What you're asking for is a link budget.
For HF, you can use software like VOACAP to estimate path loss. There are several ways you might use the software, but to start I'd suggest:
- Click the antennas button, and enter the kinds of antennas you have available for each band.
- Drag the location markers to the relevant places. Not all 10,000 km paths are the same. Things like water vs land make a difference, as well as alignment with the greyline, among other factors.
- Change the date in the lower-left to at least the month of interest. The sun influences HF propagation significantly, so the season is important. Over longer timescales, the sunspot cycle is also relevant.
- After editing these and other relevant parameters, click the "Prop Charts" button, and select the "SDBW Short-Path" chart. This shows the received power in dBW for each band and each hour of the day.
- Note the transmit power selected in the upper-right. It's in watts, but if you convert it to dBW then the difference between that and the "SDBW" chart is the path loss. It includes propagation loss and antenna gain.
Of note, HF propagation is highly variable. The number VOACAP gives for SDBW is a median value. Half the days will be better, half will be worse. Add or subtract some margin depending on how many days out of the month you are OK with communication not working. VOACAP can also generate 10th and 90th percentile values for this metric, but as far as I've found not in the online version.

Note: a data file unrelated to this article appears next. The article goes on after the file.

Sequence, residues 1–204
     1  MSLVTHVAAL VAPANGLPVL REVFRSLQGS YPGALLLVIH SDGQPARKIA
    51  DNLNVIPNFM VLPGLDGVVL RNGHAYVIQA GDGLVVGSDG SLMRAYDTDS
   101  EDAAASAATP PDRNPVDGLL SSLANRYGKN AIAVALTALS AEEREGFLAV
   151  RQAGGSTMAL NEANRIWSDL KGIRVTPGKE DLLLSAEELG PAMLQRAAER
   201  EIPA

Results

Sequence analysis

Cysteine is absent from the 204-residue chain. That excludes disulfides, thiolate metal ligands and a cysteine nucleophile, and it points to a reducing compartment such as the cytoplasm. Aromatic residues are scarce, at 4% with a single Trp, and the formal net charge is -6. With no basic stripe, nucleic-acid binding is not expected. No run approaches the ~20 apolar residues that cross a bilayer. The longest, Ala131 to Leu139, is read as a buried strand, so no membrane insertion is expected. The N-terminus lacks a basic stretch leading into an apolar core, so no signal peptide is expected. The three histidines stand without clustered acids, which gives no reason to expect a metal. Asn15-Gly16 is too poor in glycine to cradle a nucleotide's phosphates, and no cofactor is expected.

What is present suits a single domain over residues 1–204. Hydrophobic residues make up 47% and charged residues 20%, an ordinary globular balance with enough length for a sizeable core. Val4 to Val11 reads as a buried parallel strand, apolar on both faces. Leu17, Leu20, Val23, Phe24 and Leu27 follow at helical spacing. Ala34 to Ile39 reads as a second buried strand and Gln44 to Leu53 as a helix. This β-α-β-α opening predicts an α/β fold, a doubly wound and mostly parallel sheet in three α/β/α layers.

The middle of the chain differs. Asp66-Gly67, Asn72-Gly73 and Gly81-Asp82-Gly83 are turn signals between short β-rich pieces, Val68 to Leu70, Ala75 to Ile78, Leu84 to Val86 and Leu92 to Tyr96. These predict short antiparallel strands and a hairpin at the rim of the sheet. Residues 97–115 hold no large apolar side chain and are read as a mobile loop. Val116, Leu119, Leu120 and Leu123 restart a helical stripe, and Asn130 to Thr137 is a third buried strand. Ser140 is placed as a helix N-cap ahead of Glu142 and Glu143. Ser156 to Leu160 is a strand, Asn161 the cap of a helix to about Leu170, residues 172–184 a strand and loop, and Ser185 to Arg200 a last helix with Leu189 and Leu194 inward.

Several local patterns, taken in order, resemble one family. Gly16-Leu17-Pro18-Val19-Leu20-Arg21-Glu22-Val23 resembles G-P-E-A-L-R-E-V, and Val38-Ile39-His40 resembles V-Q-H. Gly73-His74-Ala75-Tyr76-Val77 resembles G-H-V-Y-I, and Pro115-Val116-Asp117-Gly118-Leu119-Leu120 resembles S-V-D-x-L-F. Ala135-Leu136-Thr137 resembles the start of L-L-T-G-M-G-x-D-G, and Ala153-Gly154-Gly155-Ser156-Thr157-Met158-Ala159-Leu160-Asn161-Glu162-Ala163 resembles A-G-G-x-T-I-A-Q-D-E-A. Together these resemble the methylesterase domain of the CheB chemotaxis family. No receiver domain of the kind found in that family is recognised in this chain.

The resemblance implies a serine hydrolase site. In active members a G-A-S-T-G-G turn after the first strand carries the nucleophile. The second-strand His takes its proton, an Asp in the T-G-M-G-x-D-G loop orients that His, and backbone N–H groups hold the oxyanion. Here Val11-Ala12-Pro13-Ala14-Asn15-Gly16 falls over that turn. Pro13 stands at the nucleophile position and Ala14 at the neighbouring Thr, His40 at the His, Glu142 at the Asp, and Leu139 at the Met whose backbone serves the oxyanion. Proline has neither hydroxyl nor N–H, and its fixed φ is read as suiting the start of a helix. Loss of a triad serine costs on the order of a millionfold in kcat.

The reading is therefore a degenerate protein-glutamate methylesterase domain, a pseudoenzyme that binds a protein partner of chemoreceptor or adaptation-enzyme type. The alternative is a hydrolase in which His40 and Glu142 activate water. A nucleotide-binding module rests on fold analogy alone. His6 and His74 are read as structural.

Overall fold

Great, now you know how much power from the transmitter arrives at the receiver. Now how much power must arrive at the receiver to achieve your communication objectives?
The first part of this question is determining the noise at the receiver site. Perhaps you can measure it directly. If not, ITU-R P.372-13 is a good source of data on what noise can be expected generally.
Now you need to set a signal to noise ratio (SNR) objective. You could do this a couple ways:
- Use the Shannon-Haltley theorem to put a best-case lower-bound on the required SNR, or
- Find the bit error rate curve for a specific modulation you are considering. I have no idea what the thing you linked in the question is. BPSK might be a good starting point.
If this sounds complicated, it's because it is. There are a lot of variables required besides "how much power". But hopefully this gives you enough of an outline of the procedure that you can ask follow-up questions for additional detail as you need it.